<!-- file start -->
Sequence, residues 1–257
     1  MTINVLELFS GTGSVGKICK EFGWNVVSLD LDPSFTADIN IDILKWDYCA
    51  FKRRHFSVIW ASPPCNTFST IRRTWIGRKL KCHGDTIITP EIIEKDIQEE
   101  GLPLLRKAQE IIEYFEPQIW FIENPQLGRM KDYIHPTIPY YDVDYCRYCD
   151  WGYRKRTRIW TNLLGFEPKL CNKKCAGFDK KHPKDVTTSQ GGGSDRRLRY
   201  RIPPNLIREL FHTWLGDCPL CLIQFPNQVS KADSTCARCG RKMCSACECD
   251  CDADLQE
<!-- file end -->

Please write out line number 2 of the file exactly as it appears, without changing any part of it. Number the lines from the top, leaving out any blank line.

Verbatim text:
     1  MTINVLELFS GTGSVGKICK EFGWNVVSLD LDPSFTADIN IDILKWDYCA